Public, doctors alike confused about food allergies | Science News

Real Science. Real News.

Science News is a nonprofit.

Support us by subscribing now.


Public, doctors alike confused about food allergies

Little evidence supports common strategies for preventing allergic reactions, new report concludes

5:19pm, November 30, 2016
common food allergies

WATCH WHAT YOU EAT  Peanuts, eggs and other foods can cause allergic reactions in people, but the public and medical community are confused when it comes to preventing, diagnosing and treating such allergies, says a new report.

Our grasp of food allergy science is as jumbled as a can of mixed nuts. While there are tantalizing clues on how food allergies emerge and might be prevented, misconceptions are plentiful and broad conclusions are lacking, concludes a new report by the National Academies of Sciences, Engineering and Medicine.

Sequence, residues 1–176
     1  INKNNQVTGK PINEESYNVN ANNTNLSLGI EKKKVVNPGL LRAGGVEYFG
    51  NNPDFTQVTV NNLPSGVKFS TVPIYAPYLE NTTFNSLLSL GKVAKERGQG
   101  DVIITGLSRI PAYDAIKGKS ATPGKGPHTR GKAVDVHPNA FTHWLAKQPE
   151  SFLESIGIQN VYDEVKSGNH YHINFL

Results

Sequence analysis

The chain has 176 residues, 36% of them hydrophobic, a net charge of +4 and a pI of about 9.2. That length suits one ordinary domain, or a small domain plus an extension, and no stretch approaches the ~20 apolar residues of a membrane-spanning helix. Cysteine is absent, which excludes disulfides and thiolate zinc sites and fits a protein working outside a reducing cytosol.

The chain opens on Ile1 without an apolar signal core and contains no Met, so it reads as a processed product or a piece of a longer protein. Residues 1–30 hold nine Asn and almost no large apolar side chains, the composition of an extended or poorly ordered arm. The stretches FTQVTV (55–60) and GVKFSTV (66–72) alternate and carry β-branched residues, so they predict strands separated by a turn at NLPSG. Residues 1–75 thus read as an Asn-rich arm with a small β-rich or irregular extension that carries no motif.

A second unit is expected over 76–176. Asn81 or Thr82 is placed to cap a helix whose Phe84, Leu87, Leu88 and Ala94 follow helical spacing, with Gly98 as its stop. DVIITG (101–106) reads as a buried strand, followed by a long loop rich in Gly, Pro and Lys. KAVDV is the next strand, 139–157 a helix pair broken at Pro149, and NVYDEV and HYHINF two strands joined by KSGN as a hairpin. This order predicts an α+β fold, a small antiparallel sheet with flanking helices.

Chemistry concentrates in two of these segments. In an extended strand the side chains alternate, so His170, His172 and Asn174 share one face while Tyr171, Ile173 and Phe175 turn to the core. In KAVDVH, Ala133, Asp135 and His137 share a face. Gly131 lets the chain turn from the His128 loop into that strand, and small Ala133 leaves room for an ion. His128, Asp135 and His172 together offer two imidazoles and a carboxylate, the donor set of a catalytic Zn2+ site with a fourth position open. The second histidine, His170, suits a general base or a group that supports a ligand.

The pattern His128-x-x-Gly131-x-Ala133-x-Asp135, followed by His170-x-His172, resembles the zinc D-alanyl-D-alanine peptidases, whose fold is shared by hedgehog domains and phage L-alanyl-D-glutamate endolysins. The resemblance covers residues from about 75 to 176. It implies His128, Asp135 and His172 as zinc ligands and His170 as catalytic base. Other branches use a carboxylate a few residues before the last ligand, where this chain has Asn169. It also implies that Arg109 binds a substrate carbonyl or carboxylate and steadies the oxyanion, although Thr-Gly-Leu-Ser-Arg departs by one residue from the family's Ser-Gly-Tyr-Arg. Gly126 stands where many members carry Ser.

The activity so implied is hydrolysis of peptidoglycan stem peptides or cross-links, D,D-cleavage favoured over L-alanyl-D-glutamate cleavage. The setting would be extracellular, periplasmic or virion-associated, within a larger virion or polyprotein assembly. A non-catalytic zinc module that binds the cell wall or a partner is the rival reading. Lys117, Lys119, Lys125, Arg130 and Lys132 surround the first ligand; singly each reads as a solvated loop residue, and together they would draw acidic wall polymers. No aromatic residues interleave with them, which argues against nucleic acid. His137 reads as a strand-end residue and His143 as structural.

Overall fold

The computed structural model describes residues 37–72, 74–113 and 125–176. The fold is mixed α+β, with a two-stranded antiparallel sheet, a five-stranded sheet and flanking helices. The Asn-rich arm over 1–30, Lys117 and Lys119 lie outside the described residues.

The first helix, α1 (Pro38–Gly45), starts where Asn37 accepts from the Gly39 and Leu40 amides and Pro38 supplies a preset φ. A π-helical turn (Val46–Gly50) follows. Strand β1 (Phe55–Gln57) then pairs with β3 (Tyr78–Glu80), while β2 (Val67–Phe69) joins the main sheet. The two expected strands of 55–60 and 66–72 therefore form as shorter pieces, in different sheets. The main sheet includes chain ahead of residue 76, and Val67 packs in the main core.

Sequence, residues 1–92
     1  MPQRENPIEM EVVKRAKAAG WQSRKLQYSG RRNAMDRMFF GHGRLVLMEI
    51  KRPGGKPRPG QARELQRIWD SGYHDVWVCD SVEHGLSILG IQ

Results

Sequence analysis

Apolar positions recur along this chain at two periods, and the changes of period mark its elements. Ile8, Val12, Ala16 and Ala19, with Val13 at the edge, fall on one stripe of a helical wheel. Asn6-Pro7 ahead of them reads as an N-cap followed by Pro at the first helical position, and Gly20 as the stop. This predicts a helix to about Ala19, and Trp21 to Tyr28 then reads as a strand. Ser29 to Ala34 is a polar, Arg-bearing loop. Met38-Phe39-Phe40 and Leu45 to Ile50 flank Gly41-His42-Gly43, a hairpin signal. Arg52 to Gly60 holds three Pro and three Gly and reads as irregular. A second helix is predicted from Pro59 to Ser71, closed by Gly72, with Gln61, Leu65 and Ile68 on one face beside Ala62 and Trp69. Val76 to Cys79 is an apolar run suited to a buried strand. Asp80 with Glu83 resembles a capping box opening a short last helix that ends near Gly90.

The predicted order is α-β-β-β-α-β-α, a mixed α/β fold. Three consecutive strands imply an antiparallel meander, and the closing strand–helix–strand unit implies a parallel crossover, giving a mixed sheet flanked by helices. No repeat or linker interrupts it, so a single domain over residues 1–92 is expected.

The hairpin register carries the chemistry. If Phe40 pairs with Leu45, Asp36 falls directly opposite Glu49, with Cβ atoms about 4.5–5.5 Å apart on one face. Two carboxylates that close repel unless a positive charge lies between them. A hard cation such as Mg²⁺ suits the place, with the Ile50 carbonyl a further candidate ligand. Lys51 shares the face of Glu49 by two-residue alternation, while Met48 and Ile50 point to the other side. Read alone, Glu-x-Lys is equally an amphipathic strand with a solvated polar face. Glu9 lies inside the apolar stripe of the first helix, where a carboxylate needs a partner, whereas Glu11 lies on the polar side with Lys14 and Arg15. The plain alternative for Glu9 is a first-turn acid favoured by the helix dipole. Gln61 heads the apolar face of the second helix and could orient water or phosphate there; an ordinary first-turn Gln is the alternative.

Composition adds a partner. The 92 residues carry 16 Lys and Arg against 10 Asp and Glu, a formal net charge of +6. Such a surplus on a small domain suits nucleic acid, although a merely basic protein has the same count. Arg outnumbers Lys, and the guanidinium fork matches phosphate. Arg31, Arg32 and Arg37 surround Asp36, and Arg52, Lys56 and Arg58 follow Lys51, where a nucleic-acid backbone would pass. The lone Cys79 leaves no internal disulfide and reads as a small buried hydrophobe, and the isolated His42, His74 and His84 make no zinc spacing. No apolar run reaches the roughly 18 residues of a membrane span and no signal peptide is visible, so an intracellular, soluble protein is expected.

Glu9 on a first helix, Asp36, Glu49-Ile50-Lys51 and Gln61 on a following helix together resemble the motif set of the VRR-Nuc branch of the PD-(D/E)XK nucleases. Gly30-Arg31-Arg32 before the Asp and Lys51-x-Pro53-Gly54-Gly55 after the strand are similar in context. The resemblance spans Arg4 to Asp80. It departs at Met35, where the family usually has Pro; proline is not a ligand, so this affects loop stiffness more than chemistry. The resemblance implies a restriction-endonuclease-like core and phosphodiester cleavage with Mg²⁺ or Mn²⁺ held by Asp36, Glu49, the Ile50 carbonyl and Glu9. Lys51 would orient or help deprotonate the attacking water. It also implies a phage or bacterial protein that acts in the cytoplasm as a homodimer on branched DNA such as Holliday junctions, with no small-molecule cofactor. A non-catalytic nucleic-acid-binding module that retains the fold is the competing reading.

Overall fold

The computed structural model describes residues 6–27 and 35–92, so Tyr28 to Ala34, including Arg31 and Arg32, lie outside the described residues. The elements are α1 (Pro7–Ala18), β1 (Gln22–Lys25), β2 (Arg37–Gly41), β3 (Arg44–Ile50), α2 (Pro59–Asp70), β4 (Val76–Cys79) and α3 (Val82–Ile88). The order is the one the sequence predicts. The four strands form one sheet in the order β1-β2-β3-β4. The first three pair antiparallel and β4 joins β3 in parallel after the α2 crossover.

As a result, both the general public and medical community are confused and ill-informed about food allergies and what to do about them. Most prevention strategies and many tests used to diagnose a food allergy aren’t supported by scientific evidence and should be abandoned, the 562-page report concludes.

“We are much more in the dark than we thought,” says Virginia Stallings, a coeditor of the new report, released November 30.

While solid data are hard to come by, the report notes, estimates suggest that 12 million to 15 million

This article is only available to Science News subscribers. Already a subscriber? Log in now.
Or subscribe today for full access.

Get Science News headlines by e-mail.

More from Science News

From the Nature Index Paid Content